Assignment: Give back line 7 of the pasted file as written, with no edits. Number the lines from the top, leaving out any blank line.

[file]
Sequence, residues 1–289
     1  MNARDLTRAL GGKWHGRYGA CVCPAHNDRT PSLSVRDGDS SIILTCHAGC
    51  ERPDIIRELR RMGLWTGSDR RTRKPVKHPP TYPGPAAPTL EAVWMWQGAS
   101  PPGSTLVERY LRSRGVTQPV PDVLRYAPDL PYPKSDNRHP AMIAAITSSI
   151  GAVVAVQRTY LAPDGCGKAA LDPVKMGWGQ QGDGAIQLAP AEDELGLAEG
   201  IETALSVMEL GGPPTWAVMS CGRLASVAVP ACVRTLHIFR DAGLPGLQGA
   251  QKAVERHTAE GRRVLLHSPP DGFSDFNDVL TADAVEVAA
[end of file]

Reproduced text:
   251  QKAVERHTAE GRRVLLHSPP DGFSDFNDVL TADAVEVAA